Paul’s Introduction to Agrippa
Then Agrippa said to Paul, “You may speak in your defense.” So Paul, gesturing with his hand, started his defense:
“I am fortunate, King Agrippa, that you are the one hearing my defence today against all these accusations made by the Jewish leaders,
for I know you are an expert on all Jewish customs and controversies. Now please listen to me patiently!
“As the Jewish leaders are well aware, I was given a thorough Jewish training from my earliest childhood among my own people and in Jerusalem.
If they would admit it, they know that I have been a member of the Pharisees, the strictest sect of our religion.
Now I am on trial because of my hope in the fulfilment of God’s promise made to our ancestors.
In fact, that is why the twelve tribes of Israel zealously worship God night and day, and they share the same hope I have. Yet, Your Majesty, they accuse me for having this hope!
Why does it seem incredible to any of you that God can raise the dead? (Acts 26:1-8)
Paul’s Testimony Related to the Case (to Agrippa)
“I used to believe that I ought to do everything I could to oppose the very name of Jesus the Nazarene.
Indeed, I did just that in Jerusalem. Authorized by the leading priests, I caused many believers there to be sent to prison. And I cast my vote against them when they were condemned to death.
Many times I had them punished in the synagogues to get them to curse Jesus. I was so violently opposed to them that I even chased them down in foreign cities.
“One day I was on such a mission to Damascus, armed with the authority and commission of the leading priests.
About noon, Your Majesty, as I was on the road, a light from heaven brighter than the sun shone down on me and my companions.
We all fell down, and I heard a voice saying to me in Aramaic, ‘Saul, Saul, why are you persecuting me? It is useless for you to fight against my will.’
‘Who are you, lord?’ I asked. “And the Lord replied, ‘I am Jesus, the one you are persecuting.
Now get to your feet! For I have appeared to you to appoint you as my servant and witness. Tell people that you have seen me, and tell them what I will show you in the future.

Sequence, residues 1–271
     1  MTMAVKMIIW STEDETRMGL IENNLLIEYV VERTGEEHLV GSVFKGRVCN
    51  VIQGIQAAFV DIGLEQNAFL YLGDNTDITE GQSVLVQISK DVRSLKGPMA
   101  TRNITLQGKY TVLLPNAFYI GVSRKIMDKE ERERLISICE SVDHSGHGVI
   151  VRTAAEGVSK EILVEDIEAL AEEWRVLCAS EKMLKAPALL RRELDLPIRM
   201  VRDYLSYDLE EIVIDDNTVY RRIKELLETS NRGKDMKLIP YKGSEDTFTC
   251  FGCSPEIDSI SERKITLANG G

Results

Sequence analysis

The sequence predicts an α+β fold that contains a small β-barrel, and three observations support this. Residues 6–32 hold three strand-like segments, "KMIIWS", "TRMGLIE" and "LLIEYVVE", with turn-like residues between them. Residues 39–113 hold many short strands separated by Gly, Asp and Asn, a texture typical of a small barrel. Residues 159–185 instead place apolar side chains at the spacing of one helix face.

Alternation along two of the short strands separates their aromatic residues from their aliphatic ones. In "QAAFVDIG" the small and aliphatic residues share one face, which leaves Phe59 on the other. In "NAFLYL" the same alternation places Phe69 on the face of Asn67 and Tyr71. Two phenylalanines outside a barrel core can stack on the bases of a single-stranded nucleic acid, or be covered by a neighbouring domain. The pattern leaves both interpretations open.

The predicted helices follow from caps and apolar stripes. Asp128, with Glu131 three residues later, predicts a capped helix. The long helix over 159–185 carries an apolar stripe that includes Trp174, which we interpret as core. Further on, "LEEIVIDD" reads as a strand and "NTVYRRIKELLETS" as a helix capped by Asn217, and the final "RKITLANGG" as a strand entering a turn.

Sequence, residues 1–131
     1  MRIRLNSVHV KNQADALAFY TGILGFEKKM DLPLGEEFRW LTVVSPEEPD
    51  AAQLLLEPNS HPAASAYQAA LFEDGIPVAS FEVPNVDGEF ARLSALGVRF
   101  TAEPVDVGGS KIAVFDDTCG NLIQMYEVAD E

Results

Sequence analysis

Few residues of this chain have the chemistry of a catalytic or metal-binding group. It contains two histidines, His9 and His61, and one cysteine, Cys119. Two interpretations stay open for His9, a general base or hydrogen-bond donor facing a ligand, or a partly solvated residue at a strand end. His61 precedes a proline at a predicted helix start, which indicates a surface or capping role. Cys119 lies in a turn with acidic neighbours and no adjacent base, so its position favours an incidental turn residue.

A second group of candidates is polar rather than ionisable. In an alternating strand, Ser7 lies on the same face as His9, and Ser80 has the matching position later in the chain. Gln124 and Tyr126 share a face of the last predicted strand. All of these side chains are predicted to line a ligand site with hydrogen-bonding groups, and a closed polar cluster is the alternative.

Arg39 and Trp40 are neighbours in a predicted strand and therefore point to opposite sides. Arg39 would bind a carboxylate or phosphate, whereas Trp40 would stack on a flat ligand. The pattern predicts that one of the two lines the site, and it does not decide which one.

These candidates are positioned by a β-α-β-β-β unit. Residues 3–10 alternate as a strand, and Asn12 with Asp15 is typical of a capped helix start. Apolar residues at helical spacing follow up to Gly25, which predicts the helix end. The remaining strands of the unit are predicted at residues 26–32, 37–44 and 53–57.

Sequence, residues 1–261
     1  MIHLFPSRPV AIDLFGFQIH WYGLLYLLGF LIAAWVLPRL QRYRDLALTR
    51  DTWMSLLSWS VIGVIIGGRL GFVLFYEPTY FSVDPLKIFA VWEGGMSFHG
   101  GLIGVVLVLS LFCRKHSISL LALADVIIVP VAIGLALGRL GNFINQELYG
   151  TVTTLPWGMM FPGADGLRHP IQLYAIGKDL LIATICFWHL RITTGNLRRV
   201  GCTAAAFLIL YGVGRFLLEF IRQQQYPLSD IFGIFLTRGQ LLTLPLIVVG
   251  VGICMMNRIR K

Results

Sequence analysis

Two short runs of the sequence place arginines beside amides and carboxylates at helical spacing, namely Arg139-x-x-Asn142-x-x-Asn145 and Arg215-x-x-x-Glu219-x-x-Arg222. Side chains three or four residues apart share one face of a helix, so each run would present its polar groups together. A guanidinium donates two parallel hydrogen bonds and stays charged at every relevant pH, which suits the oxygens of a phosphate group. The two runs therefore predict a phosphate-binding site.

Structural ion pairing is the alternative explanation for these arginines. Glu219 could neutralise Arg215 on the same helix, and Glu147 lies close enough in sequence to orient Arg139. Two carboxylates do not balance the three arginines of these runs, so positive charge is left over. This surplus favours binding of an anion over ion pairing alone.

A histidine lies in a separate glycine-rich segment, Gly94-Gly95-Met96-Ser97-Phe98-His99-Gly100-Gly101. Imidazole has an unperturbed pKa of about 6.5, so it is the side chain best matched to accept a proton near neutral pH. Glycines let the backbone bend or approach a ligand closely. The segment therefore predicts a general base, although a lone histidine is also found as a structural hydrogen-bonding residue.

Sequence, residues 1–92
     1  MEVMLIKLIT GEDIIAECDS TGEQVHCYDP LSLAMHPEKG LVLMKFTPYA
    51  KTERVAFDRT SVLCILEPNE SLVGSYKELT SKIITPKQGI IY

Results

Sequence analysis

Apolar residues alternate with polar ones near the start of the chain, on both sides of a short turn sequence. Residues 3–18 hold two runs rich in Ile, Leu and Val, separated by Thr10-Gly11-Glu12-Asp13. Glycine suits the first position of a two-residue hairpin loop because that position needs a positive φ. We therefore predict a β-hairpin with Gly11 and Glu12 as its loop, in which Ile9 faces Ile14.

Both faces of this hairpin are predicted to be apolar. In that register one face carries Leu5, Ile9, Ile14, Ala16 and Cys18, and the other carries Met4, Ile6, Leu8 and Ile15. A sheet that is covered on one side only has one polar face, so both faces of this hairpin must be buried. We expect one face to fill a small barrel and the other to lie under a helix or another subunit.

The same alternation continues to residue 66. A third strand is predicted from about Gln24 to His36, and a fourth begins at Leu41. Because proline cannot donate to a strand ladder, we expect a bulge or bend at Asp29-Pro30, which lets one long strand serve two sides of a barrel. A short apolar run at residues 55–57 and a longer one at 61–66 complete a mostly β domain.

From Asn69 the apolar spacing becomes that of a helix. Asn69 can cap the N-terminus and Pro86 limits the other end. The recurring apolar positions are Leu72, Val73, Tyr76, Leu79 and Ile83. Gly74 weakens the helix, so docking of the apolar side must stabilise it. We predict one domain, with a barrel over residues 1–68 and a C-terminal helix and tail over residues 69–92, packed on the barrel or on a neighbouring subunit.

And I will rescue you from both your own people and the Gentiles. Yes, I am sending you to the Gentiles
to open their eyes, so they may turn from darkness to light and from the power of Satan to God. Then they will receive forgiveness for their sins and be given a place among God’s people, who are set apart by faith in me.’
“And so, King Agrippa, I obeyed that vision from heaven.
I preached first to those in Damascus, then in Jerusalem and throughout all Judea, and also to the Gentiles, that all must repent of their sins and turn to God—and prove they have changed by the good things they do.
Some Jews arrested me in the Temple for preaching this, and they tried to kill me.
But God has protected me right up to this present time so I can testify to everyone, from the least to the greatest. I teach nothing except what the prophets and Moses said would happen—
that the Messiah would suffer and be the first to rise from the dead, and in this way announce God’s light to Jews and Gentiles alike.” (Acts 26:9-23)
Festus’ Reaction and Paul’s Response
Suddenly, Festus shouted, “Paul, you are insane. Too much study has made you crazy!”
But Paul replied, “I am not insane, Most Excellent Festus. What I am saying is the sober truth.